2011 Q2 | A Passing Economic Soft Spot
The economic recovery that began in Q1 2009 slowed unexpectedly in the first half of 2011. Reported growth of the GDP in Q1 2011 was only at an annualized rate of 1.9%, and a similar modest increase is anticipated for the second quarter. At the beginning of the year, a Bloomberg survey had consensus number for the quarter at 2.5%.
The shortfall caught the stock markets by surprise, and after reaching a high of 12,810 on April 29, the Dow Jones Industrial Index fell 3.1% to 12,414 to end the quarter. For the quarter, the Dow was up 1.4%, and up 8.6% for the first half. The S&P 500 was also up a hair, 0.22% for the quarter. Although there was a lot of volatility this quarter, stocks ended up where they started.
On the other hand, interest rates, sensing an economic slowdown, fell to new lows for this cycle. The 10 year U.S. Treasury note closed at a low of 2.86% on June 24th. Returns of short term Treasury notes (U.S. government securities with maturities less than a year) were even more startling. On May 27th and again on June 24th, yields on short-term U.S. Treasury notes were actually negative! Investors were actually paying the U.S. government to hold their funds. Negative returns on overnight monies are rare in any currency.These conditions occur only when investors are extremely nervous about the future.
Today, investors are confronted with a long list of economic variables that are at their flashpoints.U.S. housing results remain abysmal, as the latest figures indicate housing prices have declined to 2002 levels. The typical American house has declined from a peak value of $263,000 in 2007 to $223,000 today, down over 15%. Neither the level of unemployment nor total employment numbers saw a material benefit from the economic recovery that began two years ago. Unemployment levels moved up to 9% in May.Of concern is the sharp increase in the time it is taking to reemploy the unemployed workers. Currently the average unemployed worker is out of work for 39 weeks, much higher than any prior recession except for two periods in the depression of the 1930’s.
In 2011, the price of gasoline has had a significant impact on our economy. As one may remember, in 2008 the price of oil spiked to $147 a barrel (from $70 a barrel), sending the economy into a tailspin. Gasoline prices exceeded $4 a gallon in many parts of the country, and consumer spending fell sharply during the summer of 2008.
This year, a series of events resulted in another sharp upward move in energy prices. Reacting to military and political unrest in the Middle East, oil prices again spiked from $80 a barrel in February to a peak of $115 a barrel in May (see chart). The price of gasoline increased from $2.80 a gallon to a peak of just over $4 a gallon, based on a national survey. Each penny increase in the price of gasoline equates to a $3 billion annual cost to the American consumer. At $4 a gallon, the pessimist saw a $360 billion annual drag on consumer spending and the likelihood of a sharp reduction in economic growth.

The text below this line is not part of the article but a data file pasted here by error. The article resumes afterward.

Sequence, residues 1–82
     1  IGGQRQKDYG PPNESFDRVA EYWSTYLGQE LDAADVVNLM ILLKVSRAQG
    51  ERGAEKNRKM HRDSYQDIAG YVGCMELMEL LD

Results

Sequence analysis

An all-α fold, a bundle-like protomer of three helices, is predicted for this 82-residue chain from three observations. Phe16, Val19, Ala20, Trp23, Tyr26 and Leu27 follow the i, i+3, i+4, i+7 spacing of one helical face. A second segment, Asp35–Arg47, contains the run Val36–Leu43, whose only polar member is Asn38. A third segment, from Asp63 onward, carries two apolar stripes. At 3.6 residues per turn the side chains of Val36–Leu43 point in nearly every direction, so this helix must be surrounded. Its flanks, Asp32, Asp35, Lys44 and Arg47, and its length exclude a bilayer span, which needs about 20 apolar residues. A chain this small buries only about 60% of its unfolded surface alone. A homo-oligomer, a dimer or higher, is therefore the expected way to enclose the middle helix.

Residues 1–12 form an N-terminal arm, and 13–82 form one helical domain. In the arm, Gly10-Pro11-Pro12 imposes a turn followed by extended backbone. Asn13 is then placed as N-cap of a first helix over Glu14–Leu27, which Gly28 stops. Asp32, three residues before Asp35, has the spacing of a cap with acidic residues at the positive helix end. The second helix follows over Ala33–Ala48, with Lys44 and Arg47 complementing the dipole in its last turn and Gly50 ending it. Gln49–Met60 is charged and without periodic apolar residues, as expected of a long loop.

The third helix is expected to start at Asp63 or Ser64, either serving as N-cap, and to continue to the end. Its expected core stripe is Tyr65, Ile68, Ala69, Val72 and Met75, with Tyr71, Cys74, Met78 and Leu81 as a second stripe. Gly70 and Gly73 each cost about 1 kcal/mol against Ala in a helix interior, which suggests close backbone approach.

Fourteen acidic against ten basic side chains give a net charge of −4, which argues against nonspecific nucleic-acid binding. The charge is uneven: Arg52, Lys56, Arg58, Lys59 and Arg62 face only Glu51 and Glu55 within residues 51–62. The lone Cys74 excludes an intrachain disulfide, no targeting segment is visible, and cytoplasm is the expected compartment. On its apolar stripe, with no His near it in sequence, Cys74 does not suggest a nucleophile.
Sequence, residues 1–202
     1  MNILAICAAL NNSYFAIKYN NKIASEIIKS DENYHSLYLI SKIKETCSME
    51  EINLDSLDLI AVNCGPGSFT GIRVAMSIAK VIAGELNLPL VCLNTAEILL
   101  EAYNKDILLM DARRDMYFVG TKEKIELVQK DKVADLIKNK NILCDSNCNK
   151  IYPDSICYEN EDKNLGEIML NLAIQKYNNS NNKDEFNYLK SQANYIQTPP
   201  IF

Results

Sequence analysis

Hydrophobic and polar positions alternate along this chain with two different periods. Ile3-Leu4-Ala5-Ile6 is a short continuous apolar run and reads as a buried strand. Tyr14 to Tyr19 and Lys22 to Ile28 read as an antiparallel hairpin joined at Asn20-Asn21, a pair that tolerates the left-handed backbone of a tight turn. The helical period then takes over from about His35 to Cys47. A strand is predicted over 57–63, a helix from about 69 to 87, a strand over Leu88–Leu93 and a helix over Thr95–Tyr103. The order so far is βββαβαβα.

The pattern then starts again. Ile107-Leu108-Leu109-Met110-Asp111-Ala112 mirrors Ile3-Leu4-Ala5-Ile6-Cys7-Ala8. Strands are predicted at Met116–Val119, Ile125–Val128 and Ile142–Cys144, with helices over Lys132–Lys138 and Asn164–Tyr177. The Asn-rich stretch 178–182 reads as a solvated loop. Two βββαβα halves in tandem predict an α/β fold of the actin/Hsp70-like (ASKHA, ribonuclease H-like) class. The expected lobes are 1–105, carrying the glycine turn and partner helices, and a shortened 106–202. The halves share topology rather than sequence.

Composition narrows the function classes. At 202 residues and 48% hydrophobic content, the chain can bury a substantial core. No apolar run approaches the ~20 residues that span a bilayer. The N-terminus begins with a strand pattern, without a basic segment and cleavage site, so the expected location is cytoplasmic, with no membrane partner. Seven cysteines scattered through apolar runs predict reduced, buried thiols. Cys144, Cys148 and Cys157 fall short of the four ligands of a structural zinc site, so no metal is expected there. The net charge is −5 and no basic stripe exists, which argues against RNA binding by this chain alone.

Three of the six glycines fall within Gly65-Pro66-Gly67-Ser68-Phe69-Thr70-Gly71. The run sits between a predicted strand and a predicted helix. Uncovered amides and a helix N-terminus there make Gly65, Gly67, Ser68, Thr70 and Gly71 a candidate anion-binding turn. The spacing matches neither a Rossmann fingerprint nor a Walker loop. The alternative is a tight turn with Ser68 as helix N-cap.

In June, two events occurred to lower the price of oil significantly. First, the Kingdom of Saudi Arabia announced plans to increase oil output by 2-4 million barrels a day, and President Obama released 60 million barrels from the U.S. strategic oil reserves for American consumption. The two events resulted in a quick decline in the price of oil from $115 a barrel to $90, which translates into a $0.40 per gallon decline at the pump. This fattened the American consumer’s wallet by $120 billion on an annual basis. Further, we expect another 20-40 cents per gallon price reduction in the next several weeks, and this will certainly benefit the American consumer sector sufficiently to turn the U.S. economy on a firm upward trajectory.
Each penny increase in the price of gasoline equates to a $3 billion annual cost to the American consumer.
At quarter’s end, there was growing evidence of stepped up demand for automobiles and even some indication among large home builders that the worst correction in housing since the Depression may have witnessed a glimmer of light at the end of a long tunnel.
Also contributing to the economy’s woes has been a series of natural disasters, the worst of which was the terrible earthquake and tsunami in Sendai, Japan that struck on March 11. The immediate economic impact of the earthquake was to lower the expected Japanese growth rate for 2011 from 1.5% to 0.4%. But the Japanese economy supplies many key components to numerous economic sectors around the world. Auto, electronics, and industrial goods manufacturers have all been disrupted by supply dislocations caused by the calamity.